Red Flags

FinCEN and BIS provided non-exclusive red flag indicators for export control evasion for potential SAR filings.  Some of the red flags noted by the agencies include:

  • The customer’s underlying business is military or government-related work;
  • A customer’s acquisition of a new vessel for no apparent economic or business purpose, to be used in shipping corridors of the affected countries;
  • Transactions involving entities with little or no web presence;
  • Transactions involving a change in shipments or payments that were previously scheduled to go to Russia or Belarus;
  • Parties to transactions with addresses that do not appear consistent with the business;
  • Transactions involving luxury goods that previously would have been destined for Russia or Belarus, but are now being redirected;
  • Transactions associated with atypical shipping routes;
  • Transactions involving entities whose website or business registration notes “special purpose projects,” a Russian designation which typically means for military use;
  • Companies or individuals with links to Russian state-owned corporations; and
  • Transactions identified through correspondent banking activities connected to Russian petroleum-based forms or firms that resell electronics

The joint alert identified commodities of “special concern,” such as aircraft parts and equipment, antennas, breathing systems, cameras, GPS systems, oil field equipment, sonar systems, underwater communications, and water fabrication equipment.  BIS identified these commodities for their potential diversion to, and use by, Russia or Belarus to enhance their military and defensive capabilities.  Export of these products require a BIS license prior to export to Russia or Belarus.  Additionally, these items have the potential for misuse by intermediary third countries to create products for export to Russia or Belarus.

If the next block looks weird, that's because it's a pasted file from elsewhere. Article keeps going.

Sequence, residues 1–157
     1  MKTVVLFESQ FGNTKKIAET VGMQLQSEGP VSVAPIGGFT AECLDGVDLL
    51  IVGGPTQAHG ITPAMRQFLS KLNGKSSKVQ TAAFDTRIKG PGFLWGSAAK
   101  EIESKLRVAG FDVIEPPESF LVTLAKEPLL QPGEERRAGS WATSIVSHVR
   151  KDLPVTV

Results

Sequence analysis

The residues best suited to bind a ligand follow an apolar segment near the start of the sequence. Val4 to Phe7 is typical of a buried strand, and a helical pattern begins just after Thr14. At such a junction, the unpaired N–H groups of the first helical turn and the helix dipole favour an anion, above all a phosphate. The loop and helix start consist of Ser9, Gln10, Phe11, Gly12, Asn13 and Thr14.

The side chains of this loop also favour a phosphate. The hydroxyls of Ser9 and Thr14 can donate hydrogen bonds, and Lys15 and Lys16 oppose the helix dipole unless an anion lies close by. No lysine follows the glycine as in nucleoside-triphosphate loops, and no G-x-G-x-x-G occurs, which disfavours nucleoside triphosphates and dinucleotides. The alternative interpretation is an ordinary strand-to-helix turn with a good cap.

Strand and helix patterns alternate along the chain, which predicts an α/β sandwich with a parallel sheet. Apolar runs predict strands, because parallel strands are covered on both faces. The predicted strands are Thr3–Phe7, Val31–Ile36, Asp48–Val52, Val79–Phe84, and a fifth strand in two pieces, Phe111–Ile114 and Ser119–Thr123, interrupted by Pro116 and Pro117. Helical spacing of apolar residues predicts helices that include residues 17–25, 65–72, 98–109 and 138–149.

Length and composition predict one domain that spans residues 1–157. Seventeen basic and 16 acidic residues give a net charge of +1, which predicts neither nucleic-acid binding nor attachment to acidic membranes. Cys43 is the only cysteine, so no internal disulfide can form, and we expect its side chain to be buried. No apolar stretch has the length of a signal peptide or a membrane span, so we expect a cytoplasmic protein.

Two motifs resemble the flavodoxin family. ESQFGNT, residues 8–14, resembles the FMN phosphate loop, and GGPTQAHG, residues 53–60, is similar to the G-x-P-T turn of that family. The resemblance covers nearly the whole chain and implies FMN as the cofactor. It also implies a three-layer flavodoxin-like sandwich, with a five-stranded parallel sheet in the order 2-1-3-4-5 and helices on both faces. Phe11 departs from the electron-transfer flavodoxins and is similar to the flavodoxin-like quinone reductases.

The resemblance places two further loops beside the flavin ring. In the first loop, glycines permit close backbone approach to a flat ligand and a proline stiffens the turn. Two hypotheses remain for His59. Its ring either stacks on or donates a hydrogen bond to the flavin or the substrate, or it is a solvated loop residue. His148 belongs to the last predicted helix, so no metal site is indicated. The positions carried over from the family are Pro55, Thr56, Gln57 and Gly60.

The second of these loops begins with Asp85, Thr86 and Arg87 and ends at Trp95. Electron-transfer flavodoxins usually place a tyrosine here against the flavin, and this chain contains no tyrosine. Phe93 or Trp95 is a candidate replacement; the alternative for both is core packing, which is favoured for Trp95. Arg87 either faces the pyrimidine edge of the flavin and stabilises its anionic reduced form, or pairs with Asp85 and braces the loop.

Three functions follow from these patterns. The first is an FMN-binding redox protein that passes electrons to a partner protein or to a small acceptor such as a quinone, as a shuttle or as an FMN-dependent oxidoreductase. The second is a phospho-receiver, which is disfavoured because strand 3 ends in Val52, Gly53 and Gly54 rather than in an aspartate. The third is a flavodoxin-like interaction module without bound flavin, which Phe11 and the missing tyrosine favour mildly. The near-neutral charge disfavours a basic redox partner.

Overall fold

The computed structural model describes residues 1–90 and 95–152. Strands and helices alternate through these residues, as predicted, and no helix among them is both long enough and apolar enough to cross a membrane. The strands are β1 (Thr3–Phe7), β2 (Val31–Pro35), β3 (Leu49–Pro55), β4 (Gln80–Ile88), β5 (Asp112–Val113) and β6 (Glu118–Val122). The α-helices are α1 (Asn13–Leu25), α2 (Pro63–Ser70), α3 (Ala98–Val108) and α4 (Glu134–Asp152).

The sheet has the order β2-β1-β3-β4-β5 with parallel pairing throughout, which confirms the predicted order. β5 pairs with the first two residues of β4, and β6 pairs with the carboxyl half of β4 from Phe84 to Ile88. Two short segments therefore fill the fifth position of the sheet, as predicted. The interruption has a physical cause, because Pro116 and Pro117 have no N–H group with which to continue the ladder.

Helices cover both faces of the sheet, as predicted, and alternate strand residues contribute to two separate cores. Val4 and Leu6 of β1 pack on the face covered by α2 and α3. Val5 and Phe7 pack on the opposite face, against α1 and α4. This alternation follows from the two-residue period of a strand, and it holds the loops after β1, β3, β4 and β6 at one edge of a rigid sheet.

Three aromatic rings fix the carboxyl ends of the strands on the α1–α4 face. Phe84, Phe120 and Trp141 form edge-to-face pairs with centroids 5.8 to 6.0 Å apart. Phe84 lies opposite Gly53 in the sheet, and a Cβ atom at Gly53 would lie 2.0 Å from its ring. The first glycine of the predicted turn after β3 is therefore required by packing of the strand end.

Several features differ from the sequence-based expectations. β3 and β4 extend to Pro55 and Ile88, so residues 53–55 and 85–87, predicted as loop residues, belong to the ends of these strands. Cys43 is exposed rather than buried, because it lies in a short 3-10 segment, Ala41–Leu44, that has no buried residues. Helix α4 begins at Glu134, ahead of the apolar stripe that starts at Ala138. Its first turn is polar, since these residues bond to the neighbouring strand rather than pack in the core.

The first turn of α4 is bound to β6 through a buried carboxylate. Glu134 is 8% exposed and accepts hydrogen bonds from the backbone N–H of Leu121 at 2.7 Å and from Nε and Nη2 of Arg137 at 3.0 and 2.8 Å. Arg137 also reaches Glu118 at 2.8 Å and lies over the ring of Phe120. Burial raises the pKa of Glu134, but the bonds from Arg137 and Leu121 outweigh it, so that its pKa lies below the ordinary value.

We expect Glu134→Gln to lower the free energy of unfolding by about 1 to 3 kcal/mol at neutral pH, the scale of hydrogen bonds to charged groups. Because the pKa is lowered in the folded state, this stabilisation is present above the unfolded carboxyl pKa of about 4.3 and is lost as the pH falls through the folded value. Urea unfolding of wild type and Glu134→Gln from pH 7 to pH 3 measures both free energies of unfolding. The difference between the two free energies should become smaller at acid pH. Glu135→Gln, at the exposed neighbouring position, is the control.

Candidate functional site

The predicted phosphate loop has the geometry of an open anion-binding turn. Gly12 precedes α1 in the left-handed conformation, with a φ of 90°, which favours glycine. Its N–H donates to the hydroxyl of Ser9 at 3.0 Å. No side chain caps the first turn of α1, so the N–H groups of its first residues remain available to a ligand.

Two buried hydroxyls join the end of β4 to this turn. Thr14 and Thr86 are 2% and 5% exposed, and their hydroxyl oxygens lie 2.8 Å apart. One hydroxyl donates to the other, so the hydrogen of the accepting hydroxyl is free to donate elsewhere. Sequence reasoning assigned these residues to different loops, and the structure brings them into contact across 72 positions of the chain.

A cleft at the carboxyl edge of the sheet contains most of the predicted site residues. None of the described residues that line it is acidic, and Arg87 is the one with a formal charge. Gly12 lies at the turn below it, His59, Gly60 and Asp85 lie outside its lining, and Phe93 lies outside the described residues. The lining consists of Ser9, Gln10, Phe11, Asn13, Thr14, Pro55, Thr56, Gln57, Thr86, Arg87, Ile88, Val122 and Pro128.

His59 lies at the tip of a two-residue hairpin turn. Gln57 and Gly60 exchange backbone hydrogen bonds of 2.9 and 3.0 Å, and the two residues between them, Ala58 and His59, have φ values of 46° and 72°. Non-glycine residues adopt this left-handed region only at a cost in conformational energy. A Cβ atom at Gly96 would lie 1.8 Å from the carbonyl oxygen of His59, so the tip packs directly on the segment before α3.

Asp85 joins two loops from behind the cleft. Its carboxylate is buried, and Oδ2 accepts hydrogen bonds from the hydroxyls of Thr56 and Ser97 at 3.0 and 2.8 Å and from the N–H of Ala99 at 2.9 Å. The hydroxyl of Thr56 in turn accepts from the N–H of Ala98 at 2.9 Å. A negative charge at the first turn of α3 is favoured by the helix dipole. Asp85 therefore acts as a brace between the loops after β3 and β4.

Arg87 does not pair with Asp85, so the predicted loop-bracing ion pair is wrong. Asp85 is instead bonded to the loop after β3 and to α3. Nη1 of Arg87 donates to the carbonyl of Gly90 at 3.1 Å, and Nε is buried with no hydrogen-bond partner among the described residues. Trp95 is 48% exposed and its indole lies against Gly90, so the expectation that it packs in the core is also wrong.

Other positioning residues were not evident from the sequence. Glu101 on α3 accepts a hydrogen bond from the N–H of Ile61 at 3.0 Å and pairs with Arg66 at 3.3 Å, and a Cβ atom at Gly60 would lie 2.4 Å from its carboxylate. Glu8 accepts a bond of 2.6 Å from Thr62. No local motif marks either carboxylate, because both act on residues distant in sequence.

With the assistance of financial institutions in identifying and reporting suspicious activity related to the export of these goods, FinCEN and BIS hope to assist international efforts to further degrade Russia’s military capabilities and apply increased economic pressure.

Finally, FinCEN provided particular instructions for filing related SARs.  Specifically, FinCEN requests financial institutions to reference the joint alert by including the key term “FIN-2022-RUSSIABIS” in SAR field 2, and to indicate in the SAR narrative field the connection between the suspicious activity being reported and the activities highlighted in the joint alert. FinCEN further requests financial institutions to check box 38(z) (Other Suspicious Activity) and note “Russia Export Restrictions Evasion,” and to indicate in SAR field 45(z) (Other Product Types) the appropriate North American Industry Code(s) (NAICs) for the involved product, if known, and the appropriate financial instrument or payment mechanism in SAR field 46.